Slow Access Point



  • Hi,

    I've connected pfsense to an Access Point (TL-WA901ND). This are the settings:

    • Multi-SSD: WiFi and WiFi for Guests, each one in a different vlan

    • 11n only, auto channel, 40MHz, wpa2-psk (aes)

    • static ip and dhcp disabled (in the AP, enabled in pfsense)

    • It is connected using a CAT5e cable

    I have a connection of 300Mb/30Mb that I get using an ethernet cable (pfsense -> PC). If I use WiFi (pfsense -> AP -> PC) I get 30Mb/30Mb, why?. I should get near to 80-100, right? because the ethernet input of the AP is 100Mb.

    Thanks.


  • Netgate

    Probably a better question for TP-Link.

    40Mhz channels are not recommended on 2.4GHz.  Set your base channel to 1, 6, or 11.  Not auto.  If you see anyone around you on anything other than 1, 6, or 11, track them down and thump their skull. Get a 5GHz access point.

    MacBook Pro Core i5 -> 5GHz/40MHz/WPA2/AES -> Ruckus 7372 -> MoCA -> pfSense 2.2.4 -> 100/10 Cable Modem WAN

    MCS Index 15

    UDP iperf to pfSense interface: 95M/95M - Pretty much the maximum for the MoCA.

    Speedtest.net 92/8.5.

    Not in the mood to tear my network apart and gig-e the AP.



  • That sounds about right for 2.4Ghz n, there is no guarantee that you are getting 40Mhz wide channels as the wireless n spec. says drop down to 20MHz if other APs are detected broadcasting on the second channel. So unless you are on a ship in the middle of the ocean with no neighbours, you're unlikely nowadays to get usable 40Mhz operation.


  • Rebel Alliance Global Moderator

    "I should get near to 80-100, right?"

    Says who - what is your client?  How many streams?  As stated 2.4 really can only do 20mhz channels.. So even with 3 streams you would be lucking to hit close to your max wired connection that has that is 100.. so max is at best say mid 90's  Love it how they market 450 on that thing when its got a 10/100 connection.. So where you going to get even /2 your PHY rate of 450???  Just so full of it ;)

    While looks like that AP can do 3 streams - what is your client?  1 Stream 2.4 20mhz at 800 ns gi your look at best 65 PHY.. now do /2 of that to be more real world and your right where you would expect..

    Doesn't matter if you had a 3 stream AC router or 1300 PHY.. if you only got 1 stream client that does 20mhz on 2.4 that is your limit!!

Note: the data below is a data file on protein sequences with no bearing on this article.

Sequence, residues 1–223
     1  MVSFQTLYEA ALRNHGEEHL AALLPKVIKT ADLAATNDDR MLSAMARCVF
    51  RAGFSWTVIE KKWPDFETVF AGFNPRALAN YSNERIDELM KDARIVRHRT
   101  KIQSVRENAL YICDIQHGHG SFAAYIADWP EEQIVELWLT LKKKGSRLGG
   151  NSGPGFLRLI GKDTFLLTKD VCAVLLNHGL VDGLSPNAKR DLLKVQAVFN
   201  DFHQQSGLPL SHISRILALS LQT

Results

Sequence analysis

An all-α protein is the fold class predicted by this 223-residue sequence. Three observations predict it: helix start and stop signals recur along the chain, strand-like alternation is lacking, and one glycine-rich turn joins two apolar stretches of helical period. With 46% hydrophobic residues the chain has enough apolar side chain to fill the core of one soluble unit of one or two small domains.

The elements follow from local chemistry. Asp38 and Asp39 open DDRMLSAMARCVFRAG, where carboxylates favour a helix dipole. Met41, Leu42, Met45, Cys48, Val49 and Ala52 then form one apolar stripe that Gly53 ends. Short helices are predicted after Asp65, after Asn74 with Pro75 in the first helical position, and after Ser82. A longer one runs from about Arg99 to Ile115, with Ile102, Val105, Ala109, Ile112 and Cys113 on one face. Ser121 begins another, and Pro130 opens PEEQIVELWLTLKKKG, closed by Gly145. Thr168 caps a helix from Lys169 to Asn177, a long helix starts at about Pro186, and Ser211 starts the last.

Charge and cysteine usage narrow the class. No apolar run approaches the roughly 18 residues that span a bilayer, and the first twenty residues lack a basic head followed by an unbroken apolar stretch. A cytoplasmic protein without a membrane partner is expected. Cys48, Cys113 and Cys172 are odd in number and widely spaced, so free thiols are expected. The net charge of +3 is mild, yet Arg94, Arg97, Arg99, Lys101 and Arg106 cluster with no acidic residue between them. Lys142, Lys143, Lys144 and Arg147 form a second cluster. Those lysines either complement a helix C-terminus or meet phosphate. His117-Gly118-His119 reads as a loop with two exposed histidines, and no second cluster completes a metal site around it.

• Ok, I set the AP to: 11n, 20MHz and channel 1 (it is almost free in my home)… and I get the same 35-45, so it is the best I can get with this AP, right?.

    I don't understand why in the specifications put "11n: Up to 450Mbps(dynamic)" if the interface is 10/100M and the frecuency is 2.4GHz.

    Well, I'll look for an AP of 5GHz with a gigabit interface, but they are expensive…

    Thanks!


  • Netgate

    I don't understand why in the specifications put "11n: Up to 450Mbps(dynamic)" if the interface is 10/100M and the frecuency is 2.4GHz.

    Because Wi-Fi marketing to consumers is full of theoretical maximums that are essentially impossible to achieve. And lies. I suppose you might, theoretically, be able to get more than 100Mbits between wireless clients as that wouldn't bottleneck on the fast ethernet.


  • Rebel Alliance Global Moderator

    Yeah client to the AP is 450 PHY..  But now next client you would have /2 of that automatically..  I can see how they can report PHY.. But come on – your wired interface is not even capable of half of your PHY your talking 1/4 of what your PHY is reported as so WTF would be the point???

    Well you could get more if your client could do more than 1 stream.. Seems that is your limit.. You could in theory be seeing mid 90's with that AP but not if your client is only 1 stream..

    3 streams at 20mhz with 800ns gi is 195 so do /2 of that to get you in real world your bottleneck would be the 10/100 interface on the device.  But if your client only has 1 stream, low end laptop wifi, phones, etc.. very common to only have 1 stream..  What is your client in this testing??